Bill Wyman: Ex-Rolling Stones bassist puts 'treasure' on display

Image source, Getty Images
Image caption,
Ex-Rolling Stones bassist Bill Wyman has loaned his finds to the Moyse's Hall Museum

A Roman lock and a 17th Century seal discovered by former Rolling Stones bassist Bill Wyman have gone on display.

Metal detecting enthusiast Wyman, who quit the band in 1993, found several of the items within the grounds of his Suffolk manor house.

He has loaned them to the Moyse's Hall Museum in Bury St Edmunds as part of its Lost Property exhibition.

The museum said it was "privileged" to have access to Wyman's collection.

Wyman, who had been a founder member of the Rolling Stones, has been a "serious detecting enthusiast" since he bought his first metal detector in the 1990s.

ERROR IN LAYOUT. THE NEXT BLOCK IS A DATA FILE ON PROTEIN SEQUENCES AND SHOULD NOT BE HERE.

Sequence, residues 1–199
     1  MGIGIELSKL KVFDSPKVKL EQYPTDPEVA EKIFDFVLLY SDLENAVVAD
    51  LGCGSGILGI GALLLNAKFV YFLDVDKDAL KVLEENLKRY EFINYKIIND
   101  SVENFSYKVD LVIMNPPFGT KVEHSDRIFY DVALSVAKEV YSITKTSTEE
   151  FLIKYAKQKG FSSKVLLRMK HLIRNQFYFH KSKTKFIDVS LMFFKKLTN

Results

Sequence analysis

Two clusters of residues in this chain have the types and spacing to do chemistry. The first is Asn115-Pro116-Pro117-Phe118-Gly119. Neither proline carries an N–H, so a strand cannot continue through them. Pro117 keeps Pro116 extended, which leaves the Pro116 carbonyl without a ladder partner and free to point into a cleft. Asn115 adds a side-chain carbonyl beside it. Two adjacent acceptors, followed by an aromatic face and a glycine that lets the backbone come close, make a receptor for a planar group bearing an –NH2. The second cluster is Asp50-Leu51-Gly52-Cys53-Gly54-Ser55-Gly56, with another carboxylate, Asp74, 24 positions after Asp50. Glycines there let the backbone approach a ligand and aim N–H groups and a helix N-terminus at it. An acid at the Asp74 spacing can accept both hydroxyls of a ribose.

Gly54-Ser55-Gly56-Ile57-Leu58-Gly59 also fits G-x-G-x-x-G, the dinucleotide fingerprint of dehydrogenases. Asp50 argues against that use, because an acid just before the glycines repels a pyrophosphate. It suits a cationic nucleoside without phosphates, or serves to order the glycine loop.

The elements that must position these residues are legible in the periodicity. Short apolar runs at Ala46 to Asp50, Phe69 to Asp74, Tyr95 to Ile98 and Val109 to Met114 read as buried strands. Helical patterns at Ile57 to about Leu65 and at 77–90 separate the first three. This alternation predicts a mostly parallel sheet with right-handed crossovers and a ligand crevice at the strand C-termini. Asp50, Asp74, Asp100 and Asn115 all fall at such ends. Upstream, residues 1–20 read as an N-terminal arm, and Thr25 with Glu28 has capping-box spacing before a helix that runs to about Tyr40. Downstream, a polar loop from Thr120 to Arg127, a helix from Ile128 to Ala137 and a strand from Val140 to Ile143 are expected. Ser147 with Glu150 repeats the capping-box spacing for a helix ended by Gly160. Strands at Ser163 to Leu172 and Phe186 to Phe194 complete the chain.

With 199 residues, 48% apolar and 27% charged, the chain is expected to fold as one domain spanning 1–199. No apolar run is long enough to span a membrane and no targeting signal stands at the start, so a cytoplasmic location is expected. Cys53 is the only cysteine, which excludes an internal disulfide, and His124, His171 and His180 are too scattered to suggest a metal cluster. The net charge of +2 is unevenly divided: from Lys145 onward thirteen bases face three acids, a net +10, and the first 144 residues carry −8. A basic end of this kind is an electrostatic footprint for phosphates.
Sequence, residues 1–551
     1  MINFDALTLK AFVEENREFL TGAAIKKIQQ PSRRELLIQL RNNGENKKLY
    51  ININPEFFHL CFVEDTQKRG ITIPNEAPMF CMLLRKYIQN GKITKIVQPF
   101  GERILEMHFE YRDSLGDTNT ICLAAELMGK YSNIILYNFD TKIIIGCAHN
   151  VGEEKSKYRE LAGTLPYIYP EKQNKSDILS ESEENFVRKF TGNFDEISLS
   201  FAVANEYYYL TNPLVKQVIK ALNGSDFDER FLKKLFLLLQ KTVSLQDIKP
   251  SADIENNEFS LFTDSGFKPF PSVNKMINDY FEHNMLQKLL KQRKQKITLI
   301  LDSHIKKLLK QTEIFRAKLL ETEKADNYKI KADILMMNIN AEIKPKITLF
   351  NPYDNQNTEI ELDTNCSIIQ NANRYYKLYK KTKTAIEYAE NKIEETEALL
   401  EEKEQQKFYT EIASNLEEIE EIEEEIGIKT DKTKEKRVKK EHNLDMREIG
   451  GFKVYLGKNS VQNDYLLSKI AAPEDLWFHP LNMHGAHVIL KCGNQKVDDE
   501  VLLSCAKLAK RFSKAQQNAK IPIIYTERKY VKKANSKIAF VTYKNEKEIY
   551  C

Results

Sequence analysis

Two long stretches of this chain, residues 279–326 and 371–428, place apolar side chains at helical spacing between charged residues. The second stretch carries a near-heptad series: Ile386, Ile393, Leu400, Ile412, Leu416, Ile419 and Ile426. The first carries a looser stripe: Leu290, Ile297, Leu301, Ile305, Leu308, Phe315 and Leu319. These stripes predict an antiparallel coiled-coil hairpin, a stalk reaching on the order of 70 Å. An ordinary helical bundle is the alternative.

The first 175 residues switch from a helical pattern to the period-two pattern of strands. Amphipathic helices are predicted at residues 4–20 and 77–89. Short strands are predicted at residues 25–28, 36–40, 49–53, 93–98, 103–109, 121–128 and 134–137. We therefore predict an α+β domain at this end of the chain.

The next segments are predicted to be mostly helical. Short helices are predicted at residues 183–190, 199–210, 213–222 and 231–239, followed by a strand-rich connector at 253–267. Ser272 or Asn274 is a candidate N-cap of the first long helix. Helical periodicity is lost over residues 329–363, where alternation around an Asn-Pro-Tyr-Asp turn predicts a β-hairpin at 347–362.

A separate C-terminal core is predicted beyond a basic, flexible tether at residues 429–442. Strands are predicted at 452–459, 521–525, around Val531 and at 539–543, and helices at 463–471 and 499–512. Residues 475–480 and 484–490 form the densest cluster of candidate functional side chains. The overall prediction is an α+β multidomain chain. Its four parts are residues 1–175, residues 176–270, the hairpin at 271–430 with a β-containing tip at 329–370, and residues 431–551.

He said it helped him uncover the site of a Roman homestead.

Image source, MOyse's Hall Museum
Image caption,
Wyman said one of his favourite finds was a 17th Century seal
Image source, MOyse's Hall Museum
Image caption,
Roman pieces found by Wyman have proven the location of a Roman settlement

His first find was a water jug, which he found at his own property near Bury St Edmunds.

It is on display together with a Bronze Age sword and palstaves bought for him by Rolling Stones drummer Charlie Watts.

Image source, MOyse's Hall Museum
Image caption,
Wyman's finds have gone on display as part of the Lost Property exhibition at the museum

Wyman started selling his own metal detectors in 2007 and told of his treasure-detecting adventures in his illustrated book Treasure Islands, co-written with Richard Havers.

His passion project became the inspiration for a song by Swede Mason.

The Lost Property exhibition is being held until 1 October.

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